A story on the BBC website caught my eye the other day about the boy who was the first child to be diagnosed with autism. Donald Grey Triplett, was diagnosed with autism by Leo Kanner, a psychiatrist in Baltimore, USA in 1938. At first, it was called "infantile autism".
Although the movie "Rain Man" was not based on Donald, the article describes him as not too dissimilar to Dustin Hoffman's title character of Ray. Donald, from Mississippi, is now the subject of a new book, In a Different Key: The Story of Autism by John Donvan and Caren Zucker, who also penned the BBC article.
While "Rain Man" brought autism to the public eye for so many, it also remains as the image of what autism looks like to those who don't know any different, rather than the spectrum condition it is. For a short time before his diagnosis, Donald, like Rain Man, Ray, also lived in an institution:
His parents tried to break through to him, but got nowhere. Donald was not interested in the other children they brought to play with him, and he did not look up when a fully-costumed Santa Claus was brought to surprise him. And yet, they knew he was listening, and intelligent. Two-and-a-half years old at Christmas time, he sang back carols he had heard his mother sing only once, while performing with perfect pitch. His phenomenal memory let him recall the order of a set of beads his father had randomly laced on to a string.
But his intellectual gifts did not save him from being put in an institution. It was the doctors' order. It was always that way, in that era, for children who strayed as far from "normal" as Donald did. The routine prescription for parents was to try to forget the child, and move forward with their lives. In mid-1937, Beamon and Mary complied with the order. Donald, three years old, was sent away. But they did not forget him. They visited monthly, probably debating each time they began the long drive home to Forest whether they should just take him back with them after one of these visits. Excerpt from BBC article by John Donvan and Carly Zucker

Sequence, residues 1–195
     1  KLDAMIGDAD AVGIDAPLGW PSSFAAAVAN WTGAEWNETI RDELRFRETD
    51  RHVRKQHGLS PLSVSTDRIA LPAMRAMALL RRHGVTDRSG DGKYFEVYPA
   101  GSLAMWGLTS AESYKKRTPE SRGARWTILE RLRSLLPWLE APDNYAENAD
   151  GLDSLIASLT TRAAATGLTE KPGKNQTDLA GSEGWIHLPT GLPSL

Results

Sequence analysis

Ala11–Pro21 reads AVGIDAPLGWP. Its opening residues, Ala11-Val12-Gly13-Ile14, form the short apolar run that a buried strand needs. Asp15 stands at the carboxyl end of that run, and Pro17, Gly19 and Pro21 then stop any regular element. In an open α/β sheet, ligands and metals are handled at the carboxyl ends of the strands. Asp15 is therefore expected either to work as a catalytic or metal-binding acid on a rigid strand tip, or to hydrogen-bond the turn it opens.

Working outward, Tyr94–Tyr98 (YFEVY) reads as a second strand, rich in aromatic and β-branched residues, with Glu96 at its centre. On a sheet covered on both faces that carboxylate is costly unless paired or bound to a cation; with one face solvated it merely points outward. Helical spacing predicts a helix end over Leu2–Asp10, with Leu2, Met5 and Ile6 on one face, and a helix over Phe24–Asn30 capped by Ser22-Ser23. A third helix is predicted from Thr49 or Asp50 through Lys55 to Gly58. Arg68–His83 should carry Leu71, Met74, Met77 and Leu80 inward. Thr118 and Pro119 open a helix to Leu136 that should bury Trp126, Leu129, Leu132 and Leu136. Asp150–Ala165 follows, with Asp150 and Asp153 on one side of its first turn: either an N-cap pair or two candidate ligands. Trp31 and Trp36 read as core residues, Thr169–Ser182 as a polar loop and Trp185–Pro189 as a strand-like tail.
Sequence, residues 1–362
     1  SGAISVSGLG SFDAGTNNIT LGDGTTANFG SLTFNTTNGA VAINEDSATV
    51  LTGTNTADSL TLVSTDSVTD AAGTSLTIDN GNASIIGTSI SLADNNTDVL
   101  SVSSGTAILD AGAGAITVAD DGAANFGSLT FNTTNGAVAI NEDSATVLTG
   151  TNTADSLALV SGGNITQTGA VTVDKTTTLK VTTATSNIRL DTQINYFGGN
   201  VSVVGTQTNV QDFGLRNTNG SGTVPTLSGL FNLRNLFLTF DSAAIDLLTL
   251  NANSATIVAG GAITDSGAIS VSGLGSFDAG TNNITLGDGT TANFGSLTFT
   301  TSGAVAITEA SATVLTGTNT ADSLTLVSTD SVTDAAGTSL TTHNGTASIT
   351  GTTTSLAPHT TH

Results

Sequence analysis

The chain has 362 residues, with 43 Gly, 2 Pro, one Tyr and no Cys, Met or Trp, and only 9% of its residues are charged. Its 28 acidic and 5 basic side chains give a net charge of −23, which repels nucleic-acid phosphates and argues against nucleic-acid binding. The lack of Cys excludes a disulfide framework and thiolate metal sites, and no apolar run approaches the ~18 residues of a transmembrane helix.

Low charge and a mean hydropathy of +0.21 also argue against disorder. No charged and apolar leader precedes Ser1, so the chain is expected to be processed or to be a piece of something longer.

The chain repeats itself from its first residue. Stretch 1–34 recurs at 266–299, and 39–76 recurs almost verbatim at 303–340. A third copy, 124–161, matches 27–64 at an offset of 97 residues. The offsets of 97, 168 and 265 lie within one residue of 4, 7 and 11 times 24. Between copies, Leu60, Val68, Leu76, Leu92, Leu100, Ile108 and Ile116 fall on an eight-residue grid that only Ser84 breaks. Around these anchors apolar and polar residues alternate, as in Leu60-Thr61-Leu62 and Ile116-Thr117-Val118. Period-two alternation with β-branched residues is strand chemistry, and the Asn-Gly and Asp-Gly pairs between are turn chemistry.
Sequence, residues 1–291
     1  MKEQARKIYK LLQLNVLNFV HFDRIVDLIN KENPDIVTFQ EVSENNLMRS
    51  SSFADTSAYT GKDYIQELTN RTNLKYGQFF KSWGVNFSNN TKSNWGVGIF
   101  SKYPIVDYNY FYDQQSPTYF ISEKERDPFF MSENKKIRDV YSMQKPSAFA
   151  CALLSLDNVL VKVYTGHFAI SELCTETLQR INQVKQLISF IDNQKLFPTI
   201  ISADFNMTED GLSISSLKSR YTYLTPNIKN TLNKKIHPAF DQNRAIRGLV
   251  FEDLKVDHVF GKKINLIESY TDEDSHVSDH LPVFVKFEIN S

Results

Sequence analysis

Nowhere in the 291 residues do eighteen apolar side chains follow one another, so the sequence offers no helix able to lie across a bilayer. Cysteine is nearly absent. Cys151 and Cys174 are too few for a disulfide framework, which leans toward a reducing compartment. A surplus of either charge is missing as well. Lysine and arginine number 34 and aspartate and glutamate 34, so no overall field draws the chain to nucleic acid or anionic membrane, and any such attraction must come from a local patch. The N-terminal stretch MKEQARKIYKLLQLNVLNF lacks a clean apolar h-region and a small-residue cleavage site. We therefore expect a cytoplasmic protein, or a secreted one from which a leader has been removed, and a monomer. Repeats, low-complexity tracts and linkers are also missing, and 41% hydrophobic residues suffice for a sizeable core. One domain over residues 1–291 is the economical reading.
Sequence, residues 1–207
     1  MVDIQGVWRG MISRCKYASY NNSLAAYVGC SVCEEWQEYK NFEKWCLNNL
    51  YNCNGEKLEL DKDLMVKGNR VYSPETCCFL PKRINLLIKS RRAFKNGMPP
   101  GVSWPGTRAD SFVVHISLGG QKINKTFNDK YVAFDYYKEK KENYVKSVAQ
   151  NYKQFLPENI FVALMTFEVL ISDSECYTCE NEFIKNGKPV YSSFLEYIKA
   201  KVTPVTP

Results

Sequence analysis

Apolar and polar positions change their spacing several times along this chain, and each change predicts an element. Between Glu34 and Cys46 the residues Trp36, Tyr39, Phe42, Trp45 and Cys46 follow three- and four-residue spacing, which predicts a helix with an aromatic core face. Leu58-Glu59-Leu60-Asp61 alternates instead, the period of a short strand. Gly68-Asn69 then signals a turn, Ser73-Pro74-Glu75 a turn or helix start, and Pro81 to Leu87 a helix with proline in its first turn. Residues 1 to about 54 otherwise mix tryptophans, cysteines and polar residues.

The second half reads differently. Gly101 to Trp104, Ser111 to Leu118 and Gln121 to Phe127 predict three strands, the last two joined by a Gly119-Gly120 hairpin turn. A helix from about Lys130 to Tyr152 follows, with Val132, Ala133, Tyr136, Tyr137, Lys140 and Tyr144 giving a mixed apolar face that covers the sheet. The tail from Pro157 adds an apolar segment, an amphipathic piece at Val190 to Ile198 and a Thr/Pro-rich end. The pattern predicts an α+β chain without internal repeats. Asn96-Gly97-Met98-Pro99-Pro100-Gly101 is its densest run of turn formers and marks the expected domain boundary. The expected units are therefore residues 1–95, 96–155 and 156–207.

And take him back they did and soon, on to that fateful appointment with Dr Kanner, who wrote the first medical paper describing autism with Donald known as “Case 1 … Donald T,”.
Since then, the multi-billion pound autism "industry" has developed without any involvement from Donald. It ranges from specialist autism practitioners, medical careers in paediatrics and genetics, to therapies (some highly controversial); from specialist education settings and care providers to weighty catalogues and exhibitions full of every product you can imagine. Not to mention the lawyers and politicians involved in some way or another too. Most of these developments - especially the autism-focused charities both large and small - have been beneficial, even life-changing in some cases, to families of children with ASD.
Plus ça change...
But in spite of all the shiny products and expensive education facilities available, at the coalface of caring, our homes, there is still mainly just hard slog.
Then, as now, it is down to the parent or carer to ensure that their child with autism receives a diagnosis and access to appropriate treatment and education. If Donald's parents hadn't stood as his determined advocates, where would he be? If they hadn't refused to give up on their child or pursued a diagnosis, Donald would have been condemned to life in an institution without any specialist help. If his mother hadn't worked relentlessly to help him learn life skills and some language, he wouldn't have been able to attend high school, as he did. There, his classmates accepted him for who he was and he grew up within a small community who protected him. No need for "inclusion strategies." He was just one of them.